This is what the York Central site could become if ambitious plans to turn it into the ‘King’s Cross of the North’ are realised.
It’s huge potential has lain unrealised for years. But that might be about to change.
City of York Council has been working with Network Rail, the National Railway Museum and the Homes and Communities Agency to draw up the new vision for the 178 acre site.
Radical plans would see the NRM expanded, thousands of homes built, the railway station remodelled and the possible closure of Leeman Road.
The redevelopment of York Central represents a once in a lifetime opportunity to deliver major growth in York
– council leader Chris Steward
The masterplan also envisages an expanded and enhanced National Railway Museum while creating a network of vibrant public squares and green spaces.
The improvements to the railway station could include the creation of a new entrance to the west of the station, facing the development site.
It could also see the transformation of the existing city-facing eastern entrance, to create a more welcoming arrival.
Also envisaged are improvements to the way that buses, cars, taxis, cyclists and pedestrians use the space, potentially including the removal of Queen Street Bridge.
Network Rail’s Stuart Kirkwood said: “We can open up this area to deliver 2,500 new homes, create 7,000 new jobs and drive economic growth for the city.”
Leeman Road to close?
To properly connect York Central to the city centre and neighbouring communities, it is planned to create a new foot/cycle network.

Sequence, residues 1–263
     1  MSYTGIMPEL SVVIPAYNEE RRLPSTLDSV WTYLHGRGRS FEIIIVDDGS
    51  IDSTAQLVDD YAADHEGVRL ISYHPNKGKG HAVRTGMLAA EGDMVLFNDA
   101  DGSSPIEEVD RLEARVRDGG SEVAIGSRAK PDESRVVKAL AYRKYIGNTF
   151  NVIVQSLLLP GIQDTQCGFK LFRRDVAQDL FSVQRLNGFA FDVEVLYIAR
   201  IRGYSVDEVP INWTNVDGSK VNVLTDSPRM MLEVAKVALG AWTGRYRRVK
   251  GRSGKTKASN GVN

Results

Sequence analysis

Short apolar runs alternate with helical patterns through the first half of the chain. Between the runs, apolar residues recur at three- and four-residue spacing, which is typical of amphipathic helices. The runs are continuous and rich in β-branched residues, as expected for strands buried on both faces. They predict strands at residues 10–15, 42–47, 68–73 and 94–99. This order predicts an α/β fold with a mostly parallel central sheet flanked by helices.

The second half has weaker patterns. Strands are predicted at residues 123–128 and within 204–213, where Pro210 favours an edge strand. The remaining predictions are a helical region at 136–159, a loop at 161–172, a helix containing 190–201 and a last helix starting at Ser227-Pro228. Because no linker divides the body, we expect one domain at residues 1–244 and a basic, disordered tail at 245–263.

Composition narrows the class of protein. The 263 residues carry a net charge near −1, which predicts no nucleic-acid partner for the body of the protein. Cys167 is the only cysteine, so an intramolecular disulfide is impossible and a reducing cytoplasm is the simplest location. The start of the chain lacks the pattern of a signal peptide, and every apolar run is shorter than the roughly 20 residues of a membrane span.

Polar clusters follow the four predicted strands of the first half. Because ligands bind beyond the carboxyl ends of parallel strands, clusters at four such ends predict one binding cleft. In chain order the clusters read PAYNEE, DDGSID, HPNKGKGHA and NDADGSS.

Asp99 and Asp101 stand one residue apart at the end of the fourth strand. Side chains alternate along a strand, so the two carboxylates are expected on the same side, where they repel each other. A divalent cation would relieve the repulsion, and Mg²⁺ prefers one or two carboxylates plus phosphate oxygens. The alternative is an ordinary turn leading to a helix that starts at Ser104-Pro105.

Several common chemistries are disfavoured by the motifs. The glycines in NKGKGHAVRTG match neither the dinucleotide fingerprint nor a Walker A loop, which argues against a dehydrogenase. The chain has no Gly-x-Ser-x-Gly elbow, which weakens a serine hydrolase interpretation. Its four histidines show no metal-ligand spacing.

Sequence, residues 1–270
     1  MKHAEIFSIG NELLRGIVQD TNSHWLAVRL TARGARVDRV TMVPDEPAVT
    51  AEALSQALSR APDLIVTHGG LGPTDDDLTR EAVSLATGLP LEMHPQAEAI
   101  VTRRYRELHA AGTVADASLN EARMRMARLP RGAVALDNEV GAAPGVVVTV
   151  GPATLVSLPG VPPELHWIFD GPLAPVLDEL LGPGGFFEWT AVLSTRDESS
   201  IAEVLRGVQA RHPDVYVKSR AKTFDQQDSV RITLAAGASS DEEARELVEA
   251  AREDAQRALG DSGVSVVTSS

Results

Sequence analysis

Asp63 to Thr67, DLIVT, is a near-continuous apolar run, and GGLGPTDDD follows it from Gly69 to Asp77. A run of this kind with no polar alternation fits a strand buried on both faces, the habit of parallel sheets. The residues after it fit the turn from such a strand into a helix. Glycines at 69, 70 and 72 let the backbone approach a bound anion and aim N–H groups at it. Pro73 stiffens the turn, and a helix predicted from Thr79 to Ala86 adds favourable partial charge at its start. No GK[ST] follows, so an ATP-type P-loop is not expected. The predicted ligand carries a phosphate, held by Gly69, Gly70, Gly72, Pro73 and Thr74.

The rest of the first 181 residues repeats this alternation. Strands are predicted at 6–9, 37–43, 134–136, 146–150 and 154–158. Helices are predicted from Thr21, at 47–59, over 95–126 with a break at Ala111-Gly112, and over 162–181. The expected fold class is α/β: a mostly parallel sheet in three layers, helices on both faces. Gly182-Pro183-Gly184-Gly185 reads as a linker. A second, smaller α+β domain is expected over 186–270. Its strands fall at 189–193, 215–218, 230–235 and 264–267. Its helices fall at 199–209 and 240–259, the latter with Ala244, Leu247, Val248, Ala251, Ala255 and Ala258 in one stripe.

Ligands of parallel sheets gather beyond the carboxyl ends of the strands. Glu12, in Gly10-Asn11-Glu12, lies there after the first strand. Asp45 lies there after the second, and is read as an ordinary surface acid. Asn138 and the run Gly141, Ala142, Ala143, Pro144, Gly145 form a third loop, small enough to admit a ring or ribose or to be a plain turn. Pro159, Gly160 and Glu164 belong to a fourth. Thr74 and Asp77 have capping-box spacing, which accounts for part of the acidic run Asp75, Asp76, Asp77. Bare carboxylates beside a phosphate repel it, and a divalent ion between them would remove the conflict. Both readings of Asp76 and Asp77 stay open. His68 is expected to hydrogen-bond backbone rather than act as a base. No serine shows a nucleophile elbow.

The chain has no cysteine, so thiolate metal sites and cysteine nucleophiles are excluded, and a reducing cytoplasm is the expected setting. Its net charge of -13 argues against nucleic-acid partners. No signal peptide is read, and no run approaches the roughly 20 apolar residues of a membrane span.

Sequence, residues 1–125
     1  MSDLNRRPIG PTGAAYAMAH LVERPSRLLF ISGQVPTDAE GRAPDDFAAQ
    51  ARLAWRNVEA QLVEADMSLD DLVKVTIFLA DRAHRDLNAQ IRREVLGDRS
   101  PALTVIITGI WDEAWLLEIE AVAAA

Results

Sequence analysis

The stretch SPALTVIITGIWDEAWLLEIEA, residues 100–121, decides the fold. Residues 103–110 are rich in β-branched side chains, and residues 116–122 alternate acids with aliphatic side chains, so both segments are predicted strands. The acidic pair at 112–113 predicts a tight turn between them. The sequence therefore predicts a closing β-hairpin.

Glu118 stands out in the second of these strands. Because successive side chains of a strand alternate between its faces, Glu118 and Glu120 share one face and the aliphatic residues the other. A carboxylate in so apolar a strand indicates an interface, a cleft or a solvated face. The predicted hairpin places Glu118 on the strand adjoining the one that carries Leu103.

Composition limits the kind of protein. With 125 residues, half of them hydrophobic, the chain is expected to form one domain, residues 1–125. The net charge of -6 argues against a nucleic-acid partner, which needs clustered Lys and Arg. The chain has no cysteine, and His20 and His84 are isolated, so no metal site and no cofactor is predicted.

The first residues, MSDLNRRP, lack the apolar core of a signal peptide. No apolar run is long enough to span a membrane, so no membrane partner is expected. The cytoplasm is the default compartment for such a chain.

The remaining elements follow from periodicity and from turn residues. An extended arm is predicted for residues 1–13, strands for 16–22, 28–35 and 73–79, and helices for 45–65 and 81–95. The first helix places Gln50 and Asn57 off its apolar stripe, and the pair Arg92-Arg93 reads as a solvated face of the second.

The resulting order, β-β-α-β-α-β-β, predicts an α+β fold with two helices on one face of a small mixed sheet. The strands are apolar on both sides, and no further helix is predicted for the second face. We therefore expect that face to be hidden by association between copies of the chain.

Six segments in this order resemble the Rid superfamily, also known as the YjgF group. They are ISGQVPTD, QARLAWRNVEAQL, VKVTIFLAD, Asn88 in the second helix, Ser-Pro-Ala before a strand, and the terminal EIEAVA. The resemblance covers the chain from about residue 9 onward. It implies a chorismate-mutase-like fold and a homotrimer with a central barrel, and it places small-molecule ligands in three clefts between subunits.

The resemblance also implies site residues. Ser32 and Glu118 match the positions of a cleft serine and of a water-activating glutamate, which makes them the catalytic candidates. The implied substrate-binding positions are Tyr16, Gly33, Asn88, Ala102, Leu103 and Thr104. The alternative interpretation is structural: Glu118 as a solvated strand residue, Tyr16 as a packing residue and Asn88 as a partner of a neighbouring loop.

That would include a new bridge over the East Coast Mainline from within York Central; and a new road bridge from Holgate Road.
Options are also being considered to divert or close Leeman Road where it passes the NRM, to allow the museum to expand and modernise.
York council leader Chris Steward said:
This will enable us to attract high value jobs, deliver new and much needed sustainable homes and create world-class public spaces which will help define the future for our city.
We will also reduce the pressure to build on York’s Greenbelt.
But nothing will be done without asking residents first, said deputy leader Keith Aspden:
We have a tremendous opportunity and we need to work hand-in-hand with local residents to get these plans right.
If we do then the redevelopment could successfully transform our local economy and provide a historic boost to our city.
The plans would see the NRM to grow to attract one million visitors a year, said Paul Kirkman, the museum’s director:
We aim to engage and inspire new and broader audiences, including schools, families, and more of York’s existing seven million visitors, with this world-changing story that continues to affect all our lives today.
The key aims of the scheme
Under plans outlined in a report to the council’s executive committee on December 15, the broad scope of the regeneration scheme are outlined.
The scheme would aim to:
create a new business district with a ‘critical mass of high quality new offices’
expand the National Railway Museum and enhance the area around it
build new sports, leisure, health, education and community facilities
provide internet connectivity and open space
ensure the project is sustainable, including the promotion of travel by foot, cycle and public transport